PhotoAs part of its effort to grow the number of affordable housing options available in San Francisco's Bay Area, Google plans to repurpose at least $750 million of the land it owns there over the next ten years.

In a blog post on Tuesday, the company said its investment will help support the development of “at least 15,000 new homes at all income levels in the Bay Area, including housing options for middle and low-income families."

Google is also establishing a $250 million investment fund for developers to build more than 5,000 affordable housing units in the area. Finally, the tech giant plans to give $50 million to charities focused on the issues of displacement and homelessness.

Creating new homes

"Across the region, one issue stands out as particularly urgent and complex: housing," Google CEO Sundar Pichai wrote. “As Google grows throughout the Bay Area — whether it’s in our home town of Mountain View, in San Francisco, or in our future developments in San Jose and Sunnyvale — we’ve invested in developing housing that meets the needs of these communities. But there’s more to do.”

Google says it will work alongside local authorities to foster the rapid development of affordable housing. The tech giant said its already made progress in freeing up available land in its home city of Mountain View.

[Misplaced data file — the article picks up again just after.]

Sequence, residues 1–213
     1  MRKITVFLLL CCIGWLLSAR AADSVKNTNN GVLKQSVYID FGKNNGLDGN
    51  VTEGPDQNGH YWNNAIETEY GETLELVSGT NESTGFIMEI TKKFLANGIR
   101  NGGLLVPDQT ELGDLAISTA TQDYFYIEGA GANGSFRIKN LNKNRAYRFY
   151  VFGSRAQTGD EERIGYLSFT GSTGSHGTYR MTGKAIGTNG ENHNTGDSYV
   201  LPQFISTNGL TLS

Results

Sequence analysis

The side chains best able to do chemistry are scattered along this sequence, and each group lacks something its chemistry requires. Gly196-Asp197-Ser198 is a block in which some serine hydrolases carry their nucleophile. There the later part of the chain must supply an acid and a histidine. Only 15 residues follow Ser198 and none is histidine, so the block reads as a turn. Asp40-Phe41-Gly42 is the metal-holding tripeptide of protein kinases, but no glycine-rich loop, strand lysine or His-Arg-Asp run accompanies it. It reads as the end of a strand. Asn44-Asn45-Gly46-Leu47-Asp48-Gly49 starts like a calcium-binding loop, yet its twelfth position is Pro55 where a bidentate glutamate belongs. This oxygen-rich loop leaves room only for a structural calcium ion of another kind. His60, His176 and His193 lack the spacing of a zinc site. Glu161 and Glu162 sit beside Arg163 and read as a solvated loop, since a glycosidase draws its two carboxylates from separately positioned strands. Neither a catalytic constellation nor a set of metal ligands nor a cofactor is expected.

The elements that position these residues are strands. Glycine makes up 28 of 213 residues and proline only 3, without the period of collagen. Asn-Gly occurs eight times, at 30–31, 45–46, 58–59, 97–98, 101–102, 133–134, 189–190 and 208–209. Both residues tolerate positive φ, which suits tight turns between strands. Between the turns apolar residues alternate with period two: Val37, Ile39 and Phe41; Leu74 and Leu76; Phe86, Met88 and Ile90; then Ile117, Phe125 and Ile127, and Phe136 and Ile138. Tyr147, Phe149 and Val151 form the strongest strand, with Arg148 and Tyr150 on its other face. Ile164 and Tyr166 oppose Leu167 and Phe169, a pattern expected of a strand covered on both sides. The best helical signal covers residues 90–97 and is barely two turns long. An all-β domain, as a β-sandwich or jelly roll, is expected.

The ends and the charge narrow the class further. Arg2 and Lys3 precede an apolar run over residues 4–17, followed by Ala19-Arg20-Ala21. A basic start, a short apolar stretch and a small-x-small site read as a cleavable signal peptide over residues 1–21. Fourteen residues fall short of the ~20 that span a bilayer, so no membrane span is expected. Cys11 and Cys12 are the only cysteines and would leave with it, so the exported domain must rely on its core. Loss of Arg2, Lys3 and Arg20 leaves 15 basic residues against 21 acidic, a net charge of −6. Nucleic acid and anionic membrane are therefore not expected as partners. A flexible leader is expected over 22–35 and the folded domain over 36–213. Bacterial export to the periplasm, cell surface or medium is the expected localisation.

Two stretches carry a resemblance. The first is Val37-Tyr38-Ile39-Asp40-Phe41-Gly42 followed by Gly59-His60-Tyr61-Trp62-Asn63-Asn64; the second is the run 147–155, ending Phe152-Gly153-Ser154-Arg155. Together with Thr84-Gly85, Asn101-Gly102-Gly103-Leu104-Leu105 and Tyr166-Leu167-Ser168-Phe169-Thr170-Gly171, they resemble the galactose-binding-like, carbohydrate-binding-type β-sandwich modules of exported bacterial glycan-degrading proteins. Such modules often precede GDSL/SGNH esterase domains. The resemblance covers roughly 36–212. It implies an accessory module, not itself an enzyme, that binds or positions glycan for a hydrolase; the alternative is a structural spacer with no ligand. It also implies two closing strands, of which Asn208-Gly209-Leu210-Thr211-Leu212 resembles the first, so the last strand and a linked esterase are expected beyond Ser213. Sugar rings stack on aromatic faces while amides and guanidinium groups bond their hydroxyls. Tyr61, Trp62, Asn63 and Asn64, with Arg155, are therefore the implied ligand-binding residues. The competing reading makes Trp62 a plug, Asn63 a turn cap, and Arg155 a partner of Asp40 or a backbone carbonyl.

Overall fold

“Our goal is to get housing construction started immediately, and for homes to be available in the next few years. In Mountain View, we’ve already worked with the city to change zoning in the North Bayshore area to free up land for housing, and we’re currently in productive conversations with Sunnyvale and San Jose,” Pichai said.

The announcement was met with excitement from local authorities, including Jim Wunderman, president and CEO of the Bay Area Council.

“This is a really big day,” Wunderman told the San Jose Spotlight. “It signals that there’s a new day where private companies are stepping up and recognizing that they’re part of the fabric of our communities and they need to be part of the solution to the region’s most pressing problem: housing affordability.”


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